The ecological validity of laboratory experiments on the saccadic system

J.M. Findlay

Centre for Vision and Visual Cognition, University of Durham, South Road, Durham DH1 3LE, United Kingdom (

Scientific research proceeds by investigating manageable problems and frequently this involves choosing to research simple situations. This approach is always subject to the criticism that results may not be of general applicability. In this talk, I shall consider the validity of this criticism in relation to work on the saccadic system

The most frequent use of saccades is to scan around the visual environment. However much work on the saccadic system investigates saccadic orienting to simple targets which appear suddenly. The onset visual transient of such targets will preferentially stimulate the magnocellular pathways of the visual system. Onset visual transients are recognised to have a special attentional status and also appear to have automatic and inescapable access to the saccadic system, as shown clearly in the remote distracter effect (Walker et al, 1997). Another feature of the processing of onset transients is the spatial integration demonstrated by the global effect (Findlay, 1982). Although originally found in a situation without onset transients (Coren and Hoenig, 1972), the effect has a less robust status in saccade control during the scanning of static scenes.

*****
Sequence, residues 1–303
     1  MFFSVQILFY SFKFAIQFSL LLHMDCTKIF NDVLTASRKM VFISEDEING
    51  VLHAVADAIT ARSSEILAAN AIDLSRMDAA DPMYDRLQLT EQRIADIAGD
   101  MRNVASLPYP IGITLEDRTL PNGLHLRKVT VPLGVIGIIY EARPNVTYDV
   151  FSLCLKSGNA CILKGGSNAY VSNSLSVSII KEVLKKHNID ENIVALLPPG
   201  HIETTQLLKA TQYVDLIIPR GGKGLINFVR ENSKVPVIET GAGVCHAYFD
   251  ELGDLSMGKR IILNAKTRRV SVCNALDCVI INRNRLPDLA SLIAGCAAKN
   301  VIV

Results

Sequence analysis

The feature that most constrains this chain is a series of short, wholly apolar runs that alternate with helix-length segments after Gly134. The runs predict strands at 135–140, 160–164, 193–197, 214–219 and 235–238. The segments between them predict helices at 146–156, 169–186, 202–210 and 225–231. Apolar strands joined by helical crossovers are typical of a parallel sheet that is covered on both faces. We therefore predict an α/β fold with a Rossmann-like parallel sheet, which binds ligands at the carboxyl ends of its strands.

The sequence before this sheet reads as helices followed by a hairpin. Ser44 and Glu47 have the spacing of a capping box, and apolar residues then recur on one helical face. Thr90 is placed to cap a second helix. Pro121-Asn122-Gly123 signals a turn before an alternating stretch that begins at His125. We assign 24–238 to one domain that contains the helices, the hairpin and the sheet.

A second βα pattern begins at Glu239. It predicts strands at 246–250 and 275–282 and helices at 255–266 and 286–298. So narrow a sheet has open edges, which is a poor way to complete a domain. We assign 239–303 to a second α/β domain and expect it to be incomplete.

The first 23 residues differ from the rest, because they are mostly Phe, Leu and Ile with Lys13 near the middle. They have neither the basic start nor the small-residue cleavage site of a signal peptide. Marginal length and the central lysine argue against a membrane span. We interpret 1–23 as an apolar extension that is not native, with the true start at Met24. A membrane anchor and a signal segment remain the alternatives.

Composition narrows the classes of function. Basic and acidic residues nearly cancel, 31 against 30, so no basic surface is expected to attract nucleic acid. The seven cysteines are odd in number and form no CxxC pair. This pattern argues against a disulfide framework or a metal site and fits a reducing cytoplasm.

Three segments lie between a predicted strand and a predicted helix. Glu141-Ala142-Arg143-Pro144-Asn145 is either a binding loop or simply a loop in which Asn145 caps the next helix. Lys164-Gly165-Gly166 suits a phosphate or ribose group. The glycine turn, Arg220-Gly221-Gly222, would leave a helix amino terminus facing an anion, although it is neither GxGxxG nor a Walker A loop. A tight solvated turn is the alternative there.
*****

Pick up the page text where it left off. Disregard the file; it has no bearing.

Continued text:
Visual search offers a way of investigating display scanning in a controlled situation. A typical search experiment requires subjects to search for a pre-specified target amidst a number of distracter elements. Experimental work on visual search (Findlay, 1997; Belky and Motter, 1998) has identified two factors which affect saccade landing position both of the first saccade after the display appears and of subsequent saccades. The first factor is visual similarity to the target, reflecting the operation of the search selection set adopted by the subject. The second is spatial proximity to the current fixation location. These factors are likely to be dominant ones in many scanning situations. This is illustrated by a recent study of scanpaths through a set of randomly positioned objects.

Belky E.J. and Motter B.C. (1998). The guidance of eye movements during active visual search. Vision Research, 38, 1805-1818.
Coren S. and Hoenig P. (1972). Effect of non-target stimuli on the length of voluntary saccades. Perceptual and Motor Skills, 34, 499-508.
Findlay J.M. (1982). Global processing for saccadic eye movements. Vision Research, 22, 1033-1045.
Findlay J.M. (1997). Saccade target selection in visual search. Vision Research, 37, 617-631.
Walker R., Deubel H., Schneider W.X. and Findlay J.M. (1997). The effect of remote distractors on saccade programming: evidence for an extended fixation zone. Journal of Neurophysiology, 78, 1108-1119.